DTS manufactures various types of DAS for incorporation into ATDs fabricated by other companies, including Humanetics. Intervenor Comments, Decl. of DTS Project Manager, Mar. 18, 2019, ¶ 3. Humanetics manufactures ATDs, into which it integrates commercially-available DAS. Protester Comments, Decl. of Humanetics Exec. Vice President ¶ 15. In its science and technology contract, DTS subcontracted the production of the ATD components. COS/MOL at 11. DTS originally proposed Humanetics as a subcontractor for the engineering and fabrication of the manikin. Id. at 5 n.2. After DTS refused to sign a non-compete agreement with Humanetics, Humanetics elected not to continue as DTS’ subcontractor. Id.
 TRLs are standard industry ratings scaled from 1 (low) to 9 (high) used to assess the maturity of a technology for a particular use. Lockheed Martin Corp., Northrop Grumman Sys. Co.--Costs, B-410719.8, B-410719.9, Dec. 12, 2016, 2017 CPD ¶ 8 at 3 n.4. A technology rated at TRL 6 would be a representative model or prototype system tested in a relevant environment, such as a high-fidelity laboratory environment. Id.
 The transition between contracting offices caused some confusion about the data rights held by DTS. See, e.g., AR, Tab 4, Market Research Report at 7 (finding that DTS’ development contract “include[d] the WIAMan production TDP [technical data package] as a deliverable.”). The ACC-Orlando contracting officer relied on representations of ACC-APG personnel as to the scope of DTS’ data rights. Tr. at 148:6-11. DTS sent its assertion of data rights in the science and technology contract to ACC-APG in September 2018, after the ACC-Orlando contracting officer completed the market research report in April 2018. AR, Tab 27c, DTS Data Rights Assertions; AR, Tab 4, Market Research Report.
 Although the term “build to print” is not defined in the solicitation, it has been used to mean that the solicitation contains a TDP that provides information sufficient for a competent manufacturer to fabricate, assemble, and test an item. See Lakota Tech. Sols., Inc., B-298297, Aug. 4, 2006, 2006 CPD ¶ 118 at 2; Colmek Sys. Eng’g, B‑291931.2, July 9, 2003, 2003 CPD ¶ 123 at 2; Raytheon Co.-Integrated Def. Sys., B‑400610 et al., Dec. 22, 2008, 2009 CPD ¶ 8 at 8 n.9 (“‘Build-to-print’ is a term of art that refers to producing an item based on mature, proven, detailed data packages.”).
 As background, the SLICE6 HB is the DAS that DTS developed for the WIAMan. Decl. of DTS Project Manager, Mar. 18, 2019, Id. ¶ 10. DTS’ commercially-available DAS is known as the SLICE6. Id. ¶ 10. In particular, the SLICE6 HB contains additional functionality in terms of blast shielding, timing, and shock resistance. Id. ¶ 10. DTS asserted rights in firmware and schematic elements of the SLICE6; firmware and schematic elements of the DAS referred to as the SLICE6 DB; schematic elements of the DAS sensors, known as 6DXG2; load cell electronics; and certain DAS software elements. AR, Tab 27c, DTS Data Rights Assertions. According to the J&A, each WIAMan contains 26 SLICE6 DAS units, 18 load cells, and 10 ultra-small 6DXG2 sensors. AR, Tab 16, Draft J&A at 3. Although the data rights assertions refer to the SLICE6 DB, and the J&A refers to the SLICE6, these are apparently typographical errors meant to refer to the SLICE6 HB.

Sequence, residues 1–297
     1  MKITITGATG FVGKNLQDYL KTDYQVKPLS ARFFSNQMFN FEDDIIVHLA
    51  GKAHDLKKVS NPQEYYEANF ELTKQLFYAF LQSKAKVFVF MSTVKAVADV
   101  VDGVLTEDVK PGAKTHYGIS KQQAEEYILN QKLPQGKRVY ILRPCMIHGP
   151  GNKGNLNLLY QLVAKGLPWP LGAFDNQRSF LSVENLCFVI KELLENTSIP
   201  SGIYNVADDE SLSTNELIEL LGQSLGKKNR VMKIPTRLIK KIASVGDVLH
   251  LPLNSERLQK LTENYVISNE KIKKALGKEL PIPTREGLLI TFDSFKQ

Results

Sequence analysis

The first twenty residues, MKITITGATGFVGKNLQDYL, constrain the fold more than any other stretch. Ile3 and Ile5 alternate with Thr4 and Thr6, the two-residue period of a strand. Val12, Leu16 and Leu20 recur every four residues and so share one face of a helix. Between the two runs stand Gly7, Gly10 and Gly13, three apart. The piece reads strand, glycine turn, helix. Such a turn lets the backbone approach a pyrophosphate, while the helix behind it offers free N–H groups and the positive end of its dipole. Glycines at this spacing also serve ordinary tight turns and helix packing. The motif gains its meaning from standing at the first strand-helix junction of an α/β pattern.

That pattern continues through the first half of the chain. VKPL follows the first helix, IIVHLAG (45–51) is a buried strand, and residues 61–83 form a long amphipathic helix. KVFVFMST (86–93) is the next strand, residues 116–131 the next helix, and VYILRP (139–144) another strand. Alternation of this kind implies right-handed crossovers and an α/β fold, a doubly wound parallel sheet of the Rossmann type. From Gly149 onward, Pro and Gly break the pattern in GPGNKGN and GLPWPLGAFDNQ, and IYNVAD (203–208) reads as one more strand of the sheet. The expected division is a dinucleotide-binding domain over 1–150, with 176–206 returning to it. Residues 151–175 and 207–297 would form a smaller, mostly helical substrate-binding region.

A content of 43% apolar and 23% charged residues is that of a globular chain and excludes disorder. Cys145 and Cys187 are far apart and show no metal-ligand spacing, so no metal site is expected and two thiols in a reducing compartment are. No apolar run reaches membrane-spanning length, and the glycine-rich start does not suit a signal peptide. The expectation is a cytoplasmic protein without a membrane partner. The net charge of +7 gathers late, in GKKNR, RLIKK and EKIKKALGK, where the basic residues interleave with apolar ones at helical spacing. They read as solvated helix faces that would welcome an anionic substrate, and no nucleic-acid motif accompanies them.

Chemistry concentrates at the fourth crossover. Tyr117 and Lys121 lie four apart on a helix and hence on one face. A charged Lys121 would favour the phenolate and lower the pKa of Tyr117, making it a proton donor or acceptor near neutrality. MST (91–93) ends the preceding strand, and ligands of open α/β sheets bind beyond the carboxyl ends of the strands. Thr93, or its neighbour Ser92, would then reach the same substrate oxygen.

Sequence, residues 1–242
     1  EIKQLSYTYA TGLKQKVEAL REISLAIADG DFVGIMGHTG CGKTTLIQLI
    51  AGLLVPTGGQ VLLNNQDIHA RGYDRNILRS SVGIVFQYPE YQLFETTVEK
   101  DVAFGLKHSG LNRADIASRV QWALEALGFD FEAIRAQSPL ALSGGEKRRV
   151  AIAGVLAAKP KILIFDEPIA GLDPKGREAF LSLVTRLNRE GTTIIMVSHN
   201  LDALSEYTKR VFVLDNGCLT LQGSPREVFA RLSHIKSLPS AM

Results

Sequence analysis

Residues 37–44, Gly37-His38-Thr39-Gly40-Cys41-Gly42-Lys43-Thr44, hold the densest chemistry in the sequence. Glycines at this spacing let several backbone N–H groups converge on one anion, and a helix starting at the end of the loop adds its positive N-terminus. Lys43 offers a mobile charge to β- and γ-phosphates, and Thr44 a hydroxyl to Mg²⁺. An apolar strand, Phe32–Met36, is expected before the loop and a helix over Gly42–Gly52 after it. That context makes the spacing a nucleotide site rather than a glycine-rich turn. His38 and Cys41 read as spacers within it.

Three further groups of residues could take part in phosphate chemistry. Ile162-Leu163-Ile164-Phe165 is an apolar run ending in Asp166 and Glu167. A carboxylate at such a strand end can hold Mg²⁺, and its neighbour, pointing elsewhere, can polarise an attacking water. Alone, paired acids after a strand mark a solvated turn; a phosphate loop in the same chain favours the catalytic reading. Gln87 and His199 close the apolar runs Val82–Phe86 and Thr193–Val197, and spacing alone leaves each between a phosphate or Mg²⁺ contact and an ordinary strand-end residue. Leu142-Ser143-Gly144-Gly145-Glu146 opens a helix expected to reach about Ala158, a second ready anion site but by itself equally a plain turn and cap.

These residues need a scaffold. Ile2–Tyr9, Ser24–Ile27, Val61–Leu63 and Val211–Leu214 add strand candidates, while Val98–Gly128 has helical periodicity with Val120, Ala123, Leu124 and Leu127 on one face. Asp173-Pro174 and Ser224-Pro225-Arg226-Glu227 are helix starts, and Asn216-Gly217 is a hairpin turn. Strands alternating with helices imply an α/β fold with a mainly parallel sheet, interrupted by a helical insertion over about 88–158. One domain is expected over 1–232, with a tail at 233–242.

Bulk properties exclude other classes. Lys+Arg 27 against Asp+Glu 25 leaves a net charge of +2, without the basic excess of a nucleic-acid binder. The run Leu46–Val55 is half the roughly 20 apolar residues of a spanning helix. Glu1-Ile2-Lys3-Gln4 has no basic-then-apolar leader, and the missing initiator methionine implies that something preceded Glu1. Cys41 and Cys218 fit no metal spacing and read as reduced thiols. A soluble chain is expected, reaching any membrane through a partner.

Under DFARS clause 252.227-7013, Technical Data-Noncommercial Items, items that are “developed exclusively at private expense” are those whose “development was accomplished entirely with costs charged to indirect cost pools, costs not allocated to a government contract, or any combination thereof.”
 DTS’ assertion appears to conflict with the understanding of at least one Army witness, who testified that “[t]he SLICE6 HB was the original design” that was created under “[t]he WIAMan developmental TDP.” Tr. at 324:2-7. The witness postulated that “[t]he SLICE6 is [. . .] a reduced-capability SLICE6 HB that has been made available on the commercial market.” Id. at 324:8-12; see also id. at 327:18-20 (“[T]he SLICE 6 HB was not the product evolution of the SLICE6.”).
 DTS explains the Army’s apparent error as follows:
[The ACC-APG] contracting officer in good faith mistakenly believed the government had unlimited rights. The government properly had included DFARS 252.227-7013 (Rights in Technical Data – Noncommercial Items FEB 2014), 252.227-7014 (Rights in Noncommercial Computer Software and Noncommercial Computer Software Documentation FEB 2014), and 252.227-7015 (Technical Data – Commercial Items FEB 2014), in the predecessor contract in order to acquire rights in technical data developed under the contract. Inadvertently, however, what the government did not do was include clause 252.227-7017, Identification and Assertion of Use, Release, or Disclosure Restrictions, which would have revealed the extent of the DTS technology subject to limited rights.
Intervenor Supp. Briefing at 19 (internal citations omitted). The DTS contract also contains FAR clause 52.227-11 (Patent Rights--Ownership by the Contractor May 2014). AR, Tab 15, DTS Sci. & Tech. Contract at 36. Because no party addressed the relevance of FAR clause 52.227-11, we do not consider the impact--if any--of those provisions on the instant protest. See, e.g., Campbell Plastics Eng’g & Mfg., Inc. v. Brownlee, 389 F.3d 1243, 1249 (2004) (finding the government was entitled to take title to the invention under FAR clause 52.227-11 given the circumstances of the contractor’s assertion of data rights).
 The Army’s statement here that the DTS IDAS for the WIAMan is a commercial product appears to be incorrect. As noted above, the SLICE6 DAS is available commercially, while the WIAMan’s SLICE6 HB is not. Tr. at 223:6-24.